Gunther Marx: A Gem of a Jeweler

Vol. IX No. 2 - FALL 1998

By: Sandra A. Remis

On March 18, 1995, Gunther Marx, owner of Gunther Marx Jewelry at 1125 W. Bryn Mawr since 1953, quietly closed up his shop for the last time. Before leaving for the green fields of retirement, the German refugee took time to share some of his thoughts and experiences from over 70 years of life - most of which were spent in Edgewater. Becoming a pillar of the community was one way of saying “thanks!” to the adopted country that gave him sanctuary from the killing fields of Hitler.

It was 1940 and times were perilous. Young Marx fled Nazi Germany with his parents and sister, traveling through the Soviet Union to Japan, then across the Pacific to Panama. He celebrated his 17th birthday in Siberia. The only jewel his eye was on then was Columbia - The Gem of the Ocean.

By the time the Marx family reached Panama, however, the United States had already reached its quota for German immigrants. They made plans to settle in the Dominican Republic instead… until fortuitously learning that the U.S. was still accepting Panamanian immigrants. And so, in 1941, the Marxes made their way to America after all. An uncle in Chicago had an apartment on Winthrop Avenue, just south of Bryn Mawr, ready and waiting for them.

Gunther went to Senn High School for two years to finish his education, which was interrupted by the Hitler movement, graduating in 1943. He then spent three years in the Army, assigned to an ordnance company that was stationed in India and then Burma.

“I paid my dues in the service,” said Marx, “And since then I’ve always been active in the community, I feel that this country gave me safe haven from the Holocaust, so this is my way of paying it back.”

Gunther remembers Edgewater as being a more gentile neighborhood when he first moved here. He used to enjoy walking up Winthrop and back down Kenmore Avenue, taking pleasure in just looking at the houses.

“There weren’t as many four-plus-ones back then,” he explained. “Homes were well-kept, some small, some two-story, some three-story, with nice gardens that were well maintained. On summer days we used to walk over to a small beach at the end of Bryn Mawr, where the Edgewater Beach Apartments are now, for a swim. The nice thing was that you could walk up the streets any time, day or night, without fear of being assaulted - and that meant a great deal. It didn’t take too long for me to acquire a number of new friends.”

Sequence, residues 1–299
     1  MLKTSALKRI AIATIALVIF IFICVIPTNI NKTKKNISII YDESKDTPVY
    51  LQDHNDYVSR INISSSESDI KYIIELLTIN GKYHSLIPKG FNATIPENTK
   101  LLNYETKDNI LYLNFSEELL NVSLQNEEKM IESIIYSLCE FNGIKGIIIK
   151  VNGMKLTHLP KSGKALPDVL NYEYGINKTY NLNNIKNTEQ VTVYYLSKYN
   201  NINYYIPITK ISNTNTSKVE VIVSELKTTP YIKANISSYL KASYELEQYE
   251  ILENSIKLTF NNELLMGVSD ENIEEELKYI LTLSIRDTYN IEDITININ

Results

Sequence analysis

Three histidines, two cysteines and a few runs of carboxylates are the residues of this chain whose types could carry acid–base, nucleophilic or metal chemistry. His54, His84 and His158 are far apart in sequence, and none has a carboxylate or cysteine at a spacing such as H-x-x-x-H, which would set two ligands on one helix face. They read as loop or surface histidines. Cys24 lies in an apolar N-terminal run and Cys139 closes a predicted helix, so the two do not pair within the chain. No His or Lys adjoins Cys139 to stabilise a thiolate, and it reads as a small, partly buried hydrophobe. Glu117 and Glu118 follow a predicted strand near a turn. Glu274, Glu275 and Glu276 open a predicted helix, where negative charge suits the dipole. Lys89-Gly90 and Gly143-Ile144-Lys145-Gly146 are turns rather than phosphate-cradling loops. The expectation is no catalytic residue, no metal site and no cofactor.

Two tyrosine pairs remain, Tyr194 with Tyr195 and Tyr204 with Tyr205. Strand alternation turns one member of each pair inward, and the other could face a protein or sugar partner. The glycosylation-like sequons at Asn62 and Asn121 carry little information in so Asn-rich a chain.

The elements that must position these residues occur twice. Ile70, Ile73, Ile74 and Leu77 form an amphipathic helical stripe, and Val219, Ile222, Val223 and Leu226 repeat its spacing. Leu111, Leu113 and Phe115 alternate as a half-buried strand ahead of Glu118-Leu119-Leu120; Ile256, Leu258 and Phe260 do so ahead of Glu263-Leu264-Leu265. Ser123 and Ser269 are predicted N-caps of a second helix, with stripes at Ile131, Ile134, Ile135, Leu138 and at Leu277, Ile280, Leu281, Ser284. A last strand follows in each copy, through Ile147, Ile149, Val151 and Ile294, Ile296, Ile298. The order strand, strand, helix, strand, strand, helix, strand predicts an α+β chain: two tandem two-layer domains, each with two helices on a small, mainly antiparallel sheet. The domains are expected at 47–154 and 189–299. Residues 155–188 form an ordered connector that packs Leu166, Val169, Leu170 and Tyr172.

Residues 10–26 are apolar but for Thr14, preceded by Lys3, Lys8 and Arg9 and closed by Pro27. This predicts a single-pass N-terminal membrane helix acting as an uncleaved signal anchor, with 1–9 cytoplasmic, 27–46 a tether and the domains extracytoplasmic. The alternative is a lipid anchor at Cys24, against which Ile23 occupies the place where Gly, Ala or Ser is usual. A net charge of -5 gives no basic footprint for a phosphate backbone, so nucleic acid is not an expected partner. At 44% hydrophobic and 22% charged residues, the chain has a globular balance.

Marx became interested in watch repair while in the Army; it was one of the services performed by his ordnance company. He studied watch repair under the GI Bill, then serviced watches for several jewelry stores in 1948, working in a small space on Granville Avenue shared with a friend. In late 1919, he ventured out on his own, taking over a small store on Broadway off the corner from Bryn Mawr. The store was owned by Bill Chosen, who had moved on because he couldn’t support two families, and Herb Wells, who was sick with heart trouble and finally died. Marx bought the store from Herb’s widow.

In 1953, Gunther moved his business into a larger store at 1125 W. Bryn Mawr, previously owned by fellow jeweler Ernest J. Samuelson. Mr. Samuelson had opened his first shop in Edgewater, right across the street from there, in 1901. At that time there was no “elevated,” just a horsedrawn “train” that went by. The storefront at 1125 was occupied by a real estate agency until approximately 1918-19, when Samuelson moved to the location, and has been a jewelry store ever since.

According to Marx: “Mr. Samuelson was pretty accomplished in watch repair. He was also an optometrist, examining patients in the store and selling eyeglasses. He didn’t have formal training like we demand today; he fell under the Grandfather Clause. But he did a very good job and people were really happy with him.

“Mr. Samuelson was a serious person and took quite an interest in the neighborhood. He dabbled in poetry and was active in his church. I believe he belonged to what is now the Edgewater Common Church and composed some literature for them. He had a little bungalow at Bryn Mawr and Ravenswood and lived there until he died. He wanted to retire in 1953 and kindly offered me terms generous enough so that I could afford to take over and pay him off in very short order.”

By the time Gunther took over Samuelson’s, many of the very wealthy people no longer shopped in the neighborhood, preferring the big, fancy stores downtown instead. His store became known mostly for its service, although sales were good enough to make the business a success. He established an excellent reputation, not only with his local customers, but within the jewelry industry itself. In the late 1980s, he added a separate name, Gem Boy of Chicago, to increase the commercial side of his business, but Gunther Marx Jewelry was always the name carried by his store.